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Novel Molecular Mechanisms of Neuron Migration in the Developing Cortex and their Contribution to Related Diseases

Final Report Summary - NEUROMIGRATION (Novel Molecular Mechanisms of Neuron Migration in the Developing Cortex and their Contribution to Related Diseases)

Understanding the nervous system function is probably the most challenging goal for the XXIst century in biomedical research. Most of the nervous system connectivity is established during development as a result of a delicate coordination of neuron migration, axon guidance and synapse formation. These processes are ultimately regulated by molecules (for instance, the axon guidance cues), that interact with specific receptors at the surface of the neuron. However, the signaling mechanisms involved are not fully characterized. The objective of this project was to assess the role of a family of leucine-rich transmembrane proteins (LRTPs), the so-called fibronectin and leucine-rich transmembrane proteins (FLRT1-FLRT3) during nervous system development in vivo and of the intracellular mechanisms involved. We also wished to expand these observations to other LRTPs in the developing brain both in mice and humans.
Traditionally, the effects of the axon guidance molecules and the intracellular mechanisms involved have been studied individually. However, it has been recently suggested that they do crosstalk when are presented together and trigger effects that are not predicted from their individual functions. It is hypothesized indeed that crosstalk would increase the repertoire of responses of a given neuron during differentiation and explain why a relative limited number of these molecules is able to built a complex structure such as the nervous system. During this CIG, our studies have revealed the molecular mechanisms of how two of the most well studied axon guidance molecules, Netrin-1 and Slit1, cooperate during development to properly establish the topographic map of the thalamocortical projections (TCAs) (1,2). These projections connect the thalamus with the cortex and are important for processing of the sensory information from the environment. In particular, we found that FLRT3 interacts with the Slit1 receptor Robo1 and changes its repulsive signaling toward an up-regulation of the Netrin-1 receptor DCC which then binds to Netrin-1 and trigger attraction. In this context therefore, Slit1 acts a permissive cue for Netrin-1-induced attraction.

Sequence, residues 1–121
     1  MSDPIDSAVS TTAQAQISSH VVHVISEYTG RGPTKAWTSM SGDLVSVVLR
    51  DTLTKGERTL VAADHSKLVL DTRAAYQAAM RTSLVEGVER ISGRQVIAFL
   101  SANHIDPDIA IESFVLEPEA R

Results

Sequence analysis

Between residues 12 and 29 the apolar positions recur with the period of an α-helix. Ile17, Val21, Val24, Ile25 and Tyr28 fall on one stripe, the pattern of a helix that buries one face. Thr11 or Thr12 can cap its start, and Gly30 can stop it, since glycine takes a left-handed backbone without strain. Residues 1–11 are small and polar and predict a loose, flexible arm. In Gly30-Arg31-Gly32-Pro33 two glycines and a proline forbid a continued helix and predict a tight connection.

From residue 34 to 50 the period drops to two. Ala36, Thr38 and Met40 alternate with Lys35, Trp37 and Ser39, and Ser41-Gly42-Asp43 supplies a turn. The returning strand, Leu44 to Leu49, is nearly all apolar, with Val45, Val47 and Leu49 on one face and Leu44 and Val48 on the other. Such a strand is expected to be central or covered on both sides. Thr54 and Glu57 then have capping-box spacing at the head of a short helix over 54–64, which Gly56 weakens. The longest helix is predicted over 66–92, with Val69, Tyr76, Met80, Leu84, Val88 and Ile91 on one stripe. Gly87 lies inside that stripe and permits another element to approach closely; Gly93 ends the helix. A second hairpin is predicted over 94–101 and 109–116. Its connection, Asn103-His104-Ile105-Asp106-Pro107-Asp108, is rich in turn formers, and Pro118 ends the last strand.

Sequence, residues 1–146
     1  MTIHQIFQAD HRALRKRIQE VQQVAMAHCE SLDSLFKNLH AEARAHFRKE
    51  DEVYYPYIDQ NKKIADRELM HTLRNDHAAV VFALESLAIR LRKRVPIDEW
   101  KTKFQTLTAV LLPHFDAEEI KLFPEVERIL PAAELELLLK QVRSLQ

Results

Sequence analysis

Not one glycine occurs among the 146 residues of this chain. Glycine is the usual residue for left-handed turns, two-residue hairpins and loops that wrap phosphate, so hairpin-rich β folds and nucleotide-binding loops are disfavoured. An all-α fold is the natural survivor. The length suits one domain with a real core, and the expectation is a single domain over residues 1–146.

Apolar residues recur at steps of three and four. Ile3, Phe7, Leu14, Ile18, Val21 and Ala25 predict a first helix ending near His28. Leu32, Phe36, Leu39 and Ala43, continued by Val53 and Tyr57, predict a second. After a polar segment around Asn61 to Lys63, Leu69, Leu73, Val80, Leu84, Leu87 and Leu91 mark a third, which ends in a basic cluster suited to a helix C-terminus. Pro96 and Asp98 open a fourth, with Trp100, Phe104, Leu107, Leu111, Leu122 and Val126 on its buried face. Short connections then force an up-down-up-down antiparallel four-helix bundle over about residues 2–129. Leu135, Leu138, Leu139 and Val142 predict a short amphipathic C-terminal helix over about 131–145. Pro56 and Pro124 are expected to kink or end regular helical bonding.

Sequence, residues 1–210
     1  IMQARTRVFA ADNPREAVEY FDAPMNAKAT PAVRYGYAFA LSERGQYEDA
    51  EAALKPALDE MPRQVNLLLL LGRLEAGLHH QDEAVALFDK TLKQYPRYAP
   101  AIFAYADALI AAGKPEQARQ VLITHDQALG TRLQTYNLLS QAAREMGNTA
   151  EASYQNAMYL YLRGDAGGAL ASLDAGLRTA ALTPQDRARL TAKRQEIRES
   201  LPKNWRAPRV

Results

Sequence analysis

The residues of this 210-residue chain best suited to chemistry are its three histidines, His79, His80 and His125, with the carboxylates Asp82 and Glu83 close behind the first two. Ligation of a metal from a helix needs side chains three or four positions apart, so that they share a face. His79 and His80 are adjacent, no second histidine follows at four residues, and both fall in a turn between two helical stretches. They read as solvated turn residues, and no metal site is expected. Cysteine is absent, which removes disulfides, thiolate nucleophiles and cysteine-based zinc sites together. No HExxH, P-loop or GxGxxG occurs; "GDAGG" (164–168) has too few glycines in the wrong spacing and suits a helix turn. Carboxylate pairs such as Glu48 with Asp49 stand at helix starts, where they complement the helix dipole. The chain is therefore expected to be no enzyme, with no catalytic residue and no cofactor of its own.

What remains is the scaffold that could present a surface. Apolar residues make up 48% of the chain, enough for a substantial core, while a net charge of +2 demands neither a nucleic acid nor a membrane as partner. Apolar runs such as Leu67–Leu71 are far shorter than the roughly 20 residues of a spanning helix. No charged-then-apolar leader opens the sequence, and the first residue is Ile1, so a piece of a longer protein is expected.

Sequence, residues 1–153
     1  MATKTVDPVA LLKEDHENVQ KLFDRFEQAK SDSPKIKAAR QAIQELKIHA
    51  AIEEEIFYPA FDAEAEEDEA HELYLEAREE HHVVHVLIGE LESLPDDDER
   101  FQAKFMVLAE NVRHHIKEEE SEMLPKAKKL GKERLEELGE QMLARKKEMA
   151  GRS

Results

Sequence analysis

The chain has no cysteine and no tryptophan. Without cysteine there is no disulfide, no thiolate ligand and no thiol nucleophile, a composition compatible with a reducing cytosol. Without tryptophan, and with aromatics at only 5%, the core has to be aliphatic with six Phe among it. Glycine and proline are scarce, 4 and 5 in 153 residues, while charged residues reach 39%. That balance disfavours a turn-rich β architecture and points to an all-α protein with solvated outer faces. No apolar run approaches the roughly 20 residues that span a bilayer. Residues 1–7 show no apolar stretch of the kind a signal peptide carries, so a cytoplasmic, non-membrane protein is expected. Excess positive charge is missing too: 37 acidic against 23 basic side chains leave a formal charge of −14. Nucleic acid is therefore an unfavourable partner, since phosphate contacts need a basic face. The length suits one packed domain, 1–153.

During this CIG, we also found that FLRTs, and in particular FLRT2 and FLRT3, cooperate in maintaining the interneuron migratory streams within the developing cortex. Although far less abundant, interneurons play an essential role in cortex excitability which is highlighted by the fact that defects in interneuron function often underlies neurological and psychiatric disorders including epilepsy and schizophrenia. Within the cortex, interneurons follow three main stereotyped routes of tangential migration: two very prominent located in the marginal zone (MZ) and between the intermediate zone (IZ) and the SVZ, and a third one, less abundant, located in the subplate (SP). Interestingly, these routes avoid FLRT expressing territories suggesting that FLRTs migt act as repulsive cues for cortical interneurons. The mechanisms and factors that maintain cortical interneuron streams and the final position of interneurons within the cortex are essentially unknown. We observed that double deletion of FLRT2 and FLRT3 in the whole nervous system of the mouse, affected specifically the migration of the SP stream interneurons and not those of the MZ and the IZ/SVZ (3). In particular, we observed a decrease in the number of SP stream interneurons concomitant with an increase of interneurons in deeper positions. The deletion of FLRT2 and FLRT3 did not affect the total number of interneurons reaching the cortex, indicating that subpalial migration was not affected and that the defect was related to the distribution of interneurons once they reached the cortex. Using the Emx1-Cre mouse line, we conditionally deleted FLRT2 and FLRT3 specifically from the cortex, without perturbing their expression in the migrating interneurons. These animals displayed exactly the same interneuron migration phenotype in the SP stream, indicating that FLRT2 and FLRT3 act non-cell autonomously, probably as ligands for an interneuron receptor. The only receptors that have been shown so far to bind to FLRTs are the Unc5 familly of transmembrane proteins that normally bind to Netrin-1 to trigger repulsion. Among these receptors, Unc5B and Unc5D are the ones which showed the higher affinity for FLRTs. At this point, we analyzed double knock-out brains for Unc5B and Unc5D but we did not detect any defect in intracortical interneuron migration, suggesting that FLRTs probably act trough different receptors.